The muscle damage is a direct result of microscopic tears that happen when the muscles experience high amounts of tension.
Metabolic stress is produced when chemicals inside and outside of the muscle start to change during the stretching and contracting.
When these three factors occur, muscle hypertrophy is stimulated. Progressive tension overload is the most important part of this, and you can achieve overload by working out effectively and productively.
Choosing An Ideal Workout
The best workout for building muscle is one that focuses on heavy, compound resistance exercises. Nothing is going to work better than heavy compound lifts, not machines, workout classes, yoga, or anything else you can think of.
Heavy lifting refers to lifting weights that are within the 75% to 85% range of your 1 rep max (1RM). The rep range for this weight would then be anywhere from 4-12 reps per set.
Compound refers to the muscle groups used. Exercises that are compounded are ones like squats, bench press, and deadlifts. For instance, squats work that entire posterior chain, starting from the low back to the glutes to the hamstrings and calves. You also need your core to stabilize your upper body while moving through the squat.
This sets up three decent workout platforms:
- Full body splits – 3 days working out, 4 days off; ideal for beginners and adding definition to the entire body;
- Upper/lower body splits (3 or 4 day variations) – 3-4 days on, switching between upper and lower body exercises with weekends off; a good choice for intermediate or advanced lifters who are ready to step up their game;
- Push/pull/legs – 4-5 days on, 2-3 days rest; transition between exercises that focus on pulling, pushing, and legs. Good for any experience level.
An example of a Full Body Split would be:
Day 1 – Workout
Day 2 – Off
Day 3 – Workout
Day 4 – Off
Day 5 – Workout
Day 6 – Off
Day 7 – Off
An example of a 3-Day/4-Day Upper/Lower Split:
Day 1 – Upper Body Workout
Day 2 – Off
Day 3 – Lower Body Workout
Day 4 – Off
Day 5 – Upper Body Workout
Day 6 – Off
Day 7 – Off
* Then the next week would start with a Lower Body Workout, so you get two a week and one Upper Body workout. The pattern would continue to cycle.
Day 1 – Upper Body Workout
Day 2 – Lower Body Workout
Day 3 – Off
Day 4 – Upper Body Workout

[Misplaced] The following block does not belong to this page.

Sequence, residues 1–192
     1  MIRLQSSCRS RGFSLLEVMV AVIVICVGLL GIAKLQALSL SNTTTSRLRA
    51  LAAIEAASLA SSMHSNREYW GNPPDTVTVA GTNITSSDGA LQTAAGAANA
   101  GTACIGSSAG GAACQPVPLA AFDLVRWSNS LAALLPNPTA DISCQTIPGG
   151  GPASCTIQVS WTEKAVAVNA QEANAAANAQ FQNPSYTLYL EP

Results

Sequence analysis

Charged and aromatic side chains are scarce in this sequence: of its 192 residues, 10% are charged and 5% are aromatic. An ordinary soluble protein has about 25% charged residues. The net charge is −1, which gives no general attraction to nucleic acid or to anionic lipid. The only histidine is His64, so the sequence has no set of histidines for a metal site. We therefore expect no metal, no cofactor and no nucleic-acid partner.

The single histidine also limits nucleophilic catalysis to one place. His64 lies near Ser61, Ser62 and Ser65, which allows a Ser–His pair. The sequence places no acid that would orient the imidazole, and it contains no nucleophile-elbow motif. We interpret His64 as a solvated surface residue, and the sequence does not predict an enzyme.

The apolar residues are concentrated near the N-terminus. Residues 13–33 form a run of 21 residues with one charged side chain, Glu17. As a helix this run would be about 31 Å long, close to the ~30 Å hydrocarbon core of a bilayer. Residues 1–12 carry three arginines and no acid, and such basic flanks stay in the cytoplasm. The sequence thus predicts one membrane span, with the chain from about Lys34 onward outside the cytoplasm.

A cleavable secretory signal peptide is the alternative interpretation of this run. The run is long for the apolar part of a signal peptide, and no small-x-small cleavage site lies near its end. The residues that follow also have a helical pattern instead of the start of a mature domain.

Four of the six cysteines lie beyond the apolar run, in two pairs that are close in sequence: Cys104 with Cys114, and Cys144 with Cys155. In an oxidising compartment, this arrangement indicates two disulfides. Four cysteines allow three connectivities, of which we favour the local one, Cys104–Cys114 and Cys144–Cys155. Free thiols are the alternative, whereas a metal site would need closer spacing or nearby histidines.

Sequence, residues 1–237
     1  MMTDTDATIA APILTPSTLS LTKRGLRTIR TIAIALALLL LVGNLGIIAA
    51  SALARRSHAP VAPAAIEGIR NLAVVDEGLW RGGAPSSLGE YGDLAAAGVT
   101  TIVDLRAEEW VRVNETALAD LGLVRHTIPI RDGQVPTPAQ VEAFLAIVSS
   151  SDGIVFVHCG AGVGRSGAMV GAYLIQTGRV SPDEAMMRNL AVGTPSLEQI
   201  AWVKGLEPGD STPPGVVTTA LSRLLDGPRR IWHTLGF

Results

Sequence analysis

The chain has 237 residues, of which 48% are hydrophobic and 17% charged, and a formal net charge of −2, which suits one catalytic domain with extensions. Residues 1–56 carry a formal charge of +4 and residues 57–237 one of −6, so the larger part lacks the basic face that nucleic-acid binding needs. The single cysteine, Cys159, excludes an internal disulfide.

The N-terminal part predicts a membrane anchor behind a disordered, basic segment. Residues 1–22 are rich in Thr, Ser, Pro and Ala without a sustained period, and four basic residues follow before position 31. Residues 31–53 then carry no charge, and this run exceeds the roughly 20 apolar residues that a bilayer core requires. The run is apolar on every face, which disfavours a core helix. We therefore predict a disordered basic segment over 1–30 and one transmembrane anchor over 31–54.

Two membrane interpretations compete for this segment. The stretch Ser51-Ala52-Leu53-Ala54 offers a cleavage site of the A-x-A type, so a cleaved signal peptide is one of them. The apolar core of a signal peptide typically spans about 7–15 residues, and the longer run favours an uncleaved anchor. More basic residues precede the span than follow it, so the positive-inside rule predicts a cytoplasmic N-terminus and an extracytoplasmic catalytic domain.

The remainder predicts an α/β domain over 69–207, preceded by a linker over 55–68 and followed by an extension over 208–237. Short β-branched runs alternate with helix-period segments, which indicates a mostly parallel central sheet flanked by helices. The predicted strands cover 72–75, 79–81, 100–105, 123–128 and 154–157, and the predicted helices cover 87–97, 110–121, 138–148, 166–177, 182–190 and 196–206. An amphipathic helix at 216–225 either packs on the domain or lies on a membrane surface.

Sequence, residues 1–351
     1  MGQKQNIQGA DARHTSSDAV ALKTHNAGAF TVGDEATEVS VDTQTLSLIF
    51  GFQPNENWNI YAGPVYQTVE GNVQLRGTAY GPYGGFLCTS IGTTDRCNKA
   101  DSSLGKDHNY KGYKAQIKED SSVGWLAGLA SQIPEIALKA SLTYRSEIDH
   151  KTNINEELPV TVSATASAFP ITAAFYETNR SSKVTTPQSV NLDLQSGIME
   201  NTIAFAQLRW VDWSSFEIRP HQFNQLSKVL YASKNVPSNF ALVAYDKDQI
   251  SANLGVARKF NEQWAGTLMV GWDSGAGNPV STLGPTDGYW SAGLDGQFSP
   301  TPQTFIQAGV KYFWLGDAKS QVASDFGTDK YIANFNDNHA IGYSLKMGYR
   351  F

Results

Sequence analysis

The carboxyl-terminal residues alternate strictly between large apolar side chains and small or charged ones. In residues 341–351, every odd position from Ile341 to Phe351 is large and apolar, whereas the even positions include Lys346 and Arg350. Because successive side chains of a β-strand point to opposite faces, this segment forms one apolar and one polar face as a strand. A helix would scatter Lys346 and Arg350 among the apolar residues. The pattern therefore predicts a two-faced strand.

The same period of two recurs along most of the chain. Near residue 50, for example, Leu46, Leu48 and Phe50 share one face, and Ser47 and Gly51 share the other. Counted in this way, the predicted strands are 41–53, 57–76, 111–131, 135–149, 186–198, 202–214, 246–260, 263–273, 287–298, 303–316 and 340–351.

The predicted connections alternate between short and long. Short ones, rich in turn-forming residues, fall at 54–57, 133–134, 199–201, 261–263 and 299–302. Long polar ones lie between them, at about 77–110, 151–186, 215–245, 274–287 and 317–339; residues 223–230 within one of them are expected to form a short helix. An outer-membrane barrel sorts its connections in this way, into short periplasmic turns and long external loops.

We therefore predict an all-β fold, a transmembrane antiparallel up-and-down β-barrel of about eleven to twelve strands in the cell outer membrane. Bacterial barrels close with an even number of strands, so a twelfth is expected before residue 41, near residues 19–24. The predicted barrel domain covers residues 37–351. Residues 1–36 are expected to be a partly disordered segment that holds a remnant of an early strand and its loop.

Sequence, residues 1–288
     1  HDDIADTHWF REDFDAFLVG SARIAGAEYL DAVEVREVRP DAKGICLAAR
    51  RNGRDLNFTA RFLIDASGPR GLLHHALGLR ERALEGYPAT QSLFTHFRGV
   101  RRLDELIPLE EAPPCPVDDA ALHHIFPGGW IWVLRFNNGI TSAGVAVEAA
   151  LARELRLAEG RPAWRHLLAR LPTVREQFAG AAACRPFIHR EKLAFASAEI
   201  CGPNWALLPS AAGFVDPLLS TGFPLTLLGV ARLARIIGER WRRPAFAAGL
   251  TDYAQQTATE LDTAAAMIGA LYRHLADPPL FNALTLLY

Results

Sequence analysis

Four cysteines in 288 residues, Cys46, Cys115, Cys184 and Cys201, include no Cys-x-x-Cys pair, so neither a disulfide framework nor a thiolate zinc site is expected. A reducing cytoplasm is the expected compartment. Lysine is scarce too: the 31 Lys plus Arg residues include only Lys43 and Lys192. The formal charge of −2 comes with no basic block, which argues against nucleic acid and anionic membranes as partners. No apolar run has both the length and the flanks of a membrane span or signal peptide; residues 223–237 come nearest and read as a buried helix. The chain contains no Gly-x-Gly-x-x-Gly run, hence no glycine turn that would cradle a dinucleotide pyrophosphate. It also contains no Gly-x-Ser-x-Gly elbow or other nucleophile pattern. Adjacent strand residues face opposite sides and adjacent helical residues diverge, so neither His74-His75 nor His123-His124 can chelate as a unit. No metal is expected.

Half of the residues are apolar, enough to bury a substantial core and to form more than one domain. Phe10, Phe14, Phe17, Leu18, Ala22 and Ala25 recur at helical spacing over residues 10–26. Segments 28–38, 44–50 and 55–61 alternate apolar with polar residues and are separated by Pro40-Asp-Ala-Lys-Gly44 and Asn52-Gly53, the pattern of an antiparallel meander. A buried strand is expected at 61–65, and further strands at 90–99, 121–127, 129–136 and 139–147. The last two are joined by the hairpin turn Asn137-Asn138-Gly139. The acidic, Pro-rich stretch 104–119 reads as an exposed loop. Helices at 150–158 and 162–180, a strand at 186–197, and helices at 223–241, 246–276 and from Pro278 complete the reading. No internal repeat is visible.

Day 5 – Lower Body Workout
Day 6 – Off
Day 7 – Off
*You continue doing this for every week.
An example of the Push/Pull/Legs variation:
Day 1 – Push: Chest, Shoulders, Triceps
Day 2 – Pull: Biceps, Back
Day 3 – Off
Day 4 – Abs and Legs: Quads, Hamstrings, Calves
Day 5 – Off
Day 6 – Push: Chest, Shoulders, Triceps
Day 7 – Pull: Biceps, Back
Day 1 – Off
Day 2 – Abs and Legs: Quads, Hamstrings, Calves
Day 3 – Off
Day 4 – Push: Chest, Shoulders, Triceps
Day 5 – Pull: Back, Biceps
Day 6 – Off
Day 7 – Abs and Legs: Quads, Hamstrings, Calves
Choose the workout pattern that fits into your schedule. Doing so will make the routine easier to stick to, so you will be able to go hard every time you walk into the gym.
Picking exercises is the next thing you need to do. There are no required exercises, but remember that free weights paired with compound exercises are going to the most potent for building mass. However, machines, free weights, bodyweight exercises and beyond are all capable of stimulating muscle growth if you do the exercises correctly.
To make things easier for you, here’s a list of compound exercises:
- Pull ups/Chin ups
- Bodyweight rows
- Bent over rows, cambered bar row, trap bar row, and low cable row
- Triceps Dips
- Deadlift and all the variations, like Romanian deadlift and stiff-legged deadlift
- Lunges, including Bulgarian split squat
- Bench press and variations
- Overhead press
- Squats and all variations
- Clean and press
The order is more important, so focus on putting physically demanding exercises with lower rep ranges first. Follow up with an easier exercise that is less demanding, such as an isolation exercise. For example, you might want to pair a barbell deadlift with a barbell row or standing barbell military presses with a side lateral raise.
For bigger muscle groups, you want to focus on getting in 60-140 reps per week. For smaller muscles, you can do about 30-70 reps per week.
The reason behind this is progression and overload. Frequency is not as crucial as intensity (weight, tempo) and the total weekly volume (reps). In other words, the amount of workouts you do in a week is nowhere near as important as hitting an optimal volume range and weight.
There is also the synergistic relationship between some muscles that we need to consider. The big muscle groups, like the chest, back, and quads can tolerate more volume than smaller muscle, like the biceps, calves, and shoulders. The smaller groups need less volume, not because they aren’t as large in size as other groups, but because these muscles tend to support the movements of larger muscles. Your biceps, for example, are constantly at work while you train your back. Triceps and shoulders are indirectly targeted when you work your chest. The core is needed when you do squats and deadlifts and push-ups.
Thinking About Failure
In terms of intensity and volume, you should avoid purposely training to failure. Attempting to reach failure every set could potentially reduce your technique and cause injury. The aim should be attempting to come close to failure, ideally feeling fatigued maybe 1 or 2 reps before the end of your set. If you don’t feel like you are approaching fatigue by the end of every set, you need a heavier weight.
Cardio Effects on Hypertrophy